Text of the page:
Your Google-Based Accountant
Your new accountant just sent you some links to Google Sheets and asked you to view them in your shared, secure Google Drive folder. Huh, right? You just wanted your taxes done; why do you need to create a Google account?
You’ve always worked with Microsoft, or you need to figure out what type of accounts you’re used to working with. We’re here to help you understand everything so you can get on with your day. Below are the steps for setting up your Google account as quickly as possible.
But first, we begin by explaining your options so you can have a sense of what’s actually going on before setting up yet another account.
Understand What You’re Using
First, if you need to figure out what you’re used to (Microsoft, Google, etc.), we’ll show you how to figure that out.
All these systems and apps are designed to do the same thing; the differences are in the details. All you’re really doing is making documents, saving them to a cloud-based storage system, and sharing them with useful people like your accountant so they can give you advice. It doesn’t have to be an ordeal.
Google Vs. Microsoft Vs. Apple
The first thing you need to know is that there are three major cloud accounts to choose from to store your information. They are made by Google, Microsoft (MS), or Apple. All three of these companies also make devices like laptops and smartphones.
The type of computer (desktop, laptop or device) will determine what apps you use. You need to set it up when you first bring your laptop or smartphone home. Nowadays, it involves creating an account with the company that made your operating system. We’ll focus on laptops, but this can apply to all devices.
We’ll talk about Apple first because although it’s the more complex Operating System (OS), it’s actually easier to use. When you buy an Apple device, you create an Apple account and use that across all your devices. Simple. All your data is available on all your devices because the info is stored on a server farm outside your home office. It is kept secure by the company that owns it. All the best companies do it this way.
Most laptops that aren’t Apple have Windows OS, which Microsoft makes. When you first fire up your new Windows laptop, it asks you to enter or create your Microsoft account. Then, all your work on that laptop gets stored on your cloud MS account. Like Apple, it’s saved to the Microsoft cloud servers so that you can access it from any Microsoft device.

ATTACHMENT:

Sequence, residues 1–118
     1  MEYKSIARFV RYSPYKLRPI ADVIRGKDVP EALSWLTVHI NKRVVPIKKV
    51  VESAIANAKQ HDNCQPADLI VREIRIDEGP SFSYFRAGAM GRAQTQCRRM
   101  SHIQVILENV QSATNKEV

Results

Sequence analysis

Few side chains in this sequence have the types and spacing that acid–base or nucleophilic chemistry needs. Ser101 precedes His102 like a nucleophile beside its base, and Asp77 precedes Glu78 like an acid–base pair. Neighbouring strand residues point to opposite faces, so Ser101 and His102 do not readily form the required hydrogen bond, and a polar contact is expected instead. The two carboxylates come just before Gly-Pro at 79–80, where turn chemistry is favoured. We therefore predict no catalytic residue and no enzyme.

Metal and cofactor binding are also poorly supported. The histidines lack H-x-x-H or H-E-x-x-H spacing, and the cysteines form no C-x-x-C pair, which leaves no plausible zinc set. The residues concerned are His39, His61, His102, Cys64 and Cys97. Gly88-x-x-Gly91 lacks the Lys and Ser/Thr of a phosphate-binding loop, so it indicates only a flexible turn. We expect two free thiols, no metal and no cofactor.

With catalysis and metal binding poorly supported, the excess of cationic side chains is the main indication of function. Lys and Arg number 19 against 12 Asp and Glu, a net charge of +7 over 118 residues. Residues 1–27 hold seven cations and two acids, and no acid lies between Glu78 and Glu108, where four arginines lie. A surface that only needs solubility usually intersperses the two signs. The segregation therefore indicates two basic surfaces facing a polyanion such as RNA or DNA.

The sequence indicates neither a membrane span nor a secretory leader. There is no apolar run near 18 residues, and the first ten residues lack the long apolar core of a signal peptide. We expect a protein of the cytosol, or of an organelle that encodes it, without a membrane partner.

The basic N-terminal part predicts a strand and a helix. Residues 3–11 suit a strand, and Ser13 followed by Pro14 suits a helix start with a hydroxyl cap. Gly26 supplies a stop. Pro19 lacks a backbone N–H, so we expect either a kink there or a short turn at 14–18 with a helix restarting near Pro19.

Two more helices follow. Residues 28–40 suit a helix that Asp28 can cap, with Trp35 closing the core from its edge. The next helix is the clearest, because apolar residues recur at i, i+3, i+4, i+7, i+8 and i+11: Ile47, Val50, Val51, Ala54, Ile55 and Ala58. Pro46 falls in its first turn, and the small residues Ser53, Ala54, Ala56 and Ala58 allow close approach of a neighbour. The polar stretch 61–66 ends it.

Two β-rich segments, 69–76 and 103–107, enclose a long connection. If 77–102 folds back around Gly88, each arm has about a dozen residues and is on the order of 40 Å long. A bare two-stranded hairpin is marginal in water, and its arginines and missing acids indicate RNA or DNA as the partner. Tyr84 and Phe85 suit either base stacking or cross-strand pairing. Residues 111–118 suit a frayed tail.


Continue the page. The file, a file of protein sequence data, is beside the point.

Google accounts operate in the same way as Microsoft and Apple. You work on your computer using Google apps like Sheets and Docs, and then it gets saved to the Google Drive storage cloud, where you can access it from any device. Here’s the advantage: Google works on both Microsoft and Apple OS, and we choose to work with Google Accounts because it’s compatible with any device.
Setting Up a Google Account
Go to the Google search page. Look in the top right corner and click the Sign In button. A login screen should pop up. Click Create Account. Follow the prompts.
Business vs. Personal Google Accounts
You have the option of creating a personal or business Google account. If you have a business, we recommend using the business account because it will boost your search ranking on Google (one of the world’s most popular search engines). A personal account will do OK, too, if you want the minimum.
We strongly recommend setting up recovery options on Google Accounts. Why? If you don’t, you may get locked out at some point. An alternate email will do the trick, but you can also give a phone number or use security questions. If using security questions, write down the exact answer (spelling and capitalization count) and keep it in a safe and secure location.
Like all your other accounts, your Google account needs a strong password. Simple phrases can be guessed by password decryption software in about five seconds. Use a mix of characters and letters, upper and lower case, and change them frequently.
Using Your Google Account
If you’re used to Windows, Google is a bit weird. You know how you click the save button in Microsoft Word? Google auto-saves everything, so you never need to remember anymore. Other users can access and work on what you’re working on.
Understanding Google Drive
You don’t need to save a copy of the spreadsheet and attach it to the email anymore. Instead, Google Drive is more like a database; you access your data using links. These are all in Google Drive, which can be accessed by anyone who has permission from the Google account owner. When you’re in Google Drive, you can search for files topically or use keywords rather than flipping through multiple files to find something.
In a nutshell, your file storage system is now more like the Google search engine. Instead of flipping through paper files or drilling into local or network files onscreen, you search for files using keywords. It’s the power of Google’s search engine applied to your filing system.
More Google Accounts Help
Do you need more help understanding Google Accounts? We’re here to help. Contact Us now.